The Times‘ report claimed Weinstein has been accused of sexually harassing women in the film industry for almost three decades and another discovery, according to the investigative findings, were (at least) eight settlements with various women, reached after they’d accused him of unwanted physical contact and sexual harassment. Most of the women who accepted such payouts signed confidentiality clauses prohibiting them from telling their stories.
“Women have been talking about Harvey amongst ourselves for a long time,” Judd said. “And it’s simply beyond time to have the conversation publicly.”
According to the NYT, McGowan reached a previously undisclosed settlement with Weinstein for $100,000 in 1997 after an incident in a hotel room. She declined to comment to the NYT, but tweeted out some messages after the investigation’s publication.
According to the NYT, the $100,000 agreement indicated that the settlement was “not to be construed as an admission” on Weinstein’s part, but was intended to “avoid litigation and buy peace.”
“I came of age in the ’60s and ’70s, when all the rules about behaviour and workplaces were different. That was the culture then,” Weinstein, 65, wrote in a lengthy statement on Oct. 5. “I have since learned it’s not an excuse, in the office — or out of it. To anyone. I realized some time ago that I needed to be a better person and my interactions with the people I work with have changed. I appreciate the way I’ve behaved with colleagues in the past has caused a lot of pain, and I sincerely apologize for it. Though I’m trying to do better, I know I have a long way to go. That is my commitment.”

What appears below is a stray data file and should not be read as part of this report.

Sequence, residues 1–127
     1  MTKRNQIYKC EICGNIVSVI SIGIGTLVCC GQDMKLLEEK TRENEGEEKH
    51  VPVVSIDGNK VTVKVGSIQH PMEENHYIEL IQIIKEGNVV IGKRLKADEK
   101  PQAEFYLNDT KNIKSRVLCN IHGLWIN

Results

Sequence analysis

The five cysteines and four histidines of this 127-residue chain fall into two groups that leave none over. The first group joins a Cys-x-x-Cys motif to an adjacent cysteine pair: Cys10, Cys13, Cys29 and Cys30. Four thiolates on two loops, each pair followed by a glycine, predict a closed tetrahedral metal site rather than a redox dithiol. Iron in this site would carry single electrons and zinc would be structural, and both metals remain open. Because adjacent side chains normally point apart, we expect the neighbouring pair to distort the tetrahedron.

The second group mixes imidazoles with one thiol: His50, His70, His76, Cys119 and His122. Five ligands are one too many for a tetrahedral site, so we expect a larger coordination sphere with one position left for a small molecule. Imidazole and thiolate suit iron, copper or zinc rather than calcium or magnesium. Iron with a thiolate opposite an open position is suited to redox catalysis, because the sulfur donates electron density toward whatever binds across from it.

Weinstein went on to explain that he will be working with a team of therapists, assembled by his lawyer Lisa Bloom, to “learn about myself” and “conquer my demons.”
Weinstein is also preparing a lawsuit. “The New York Times published today a story that is saturated with false and defamatory statements about Harvey Weinstein,” Charles Harder, another lawyer representing the executive, said.
Harder continued, “It relies on mostly hearsay accounts and a faulty report, apparently stolen from an employee personnel file, which has been debunked by nine different eyewitnesses. We sent the Times the facts and evidence, but they ignored it and rushed to publish. We are preparing the lawsuit now. All proceeds will be donated to women’s organizations.”
The Times stood by the story.
“We are confident in the accuracy of our reporting. Mr. Weinstein was aware and able to respond to specific allegations in our story before publication. In fact, we published his response in full,” a spokesman said via email.
Bloom said in a statement to the paper that her client “denies many of the accusations as patently false.”
You can read the full investigation over at The New York Times. Global News has reached out to The Weinstein Company for comment.
—With files from Chris JancelewiczFollow @KatieScottNews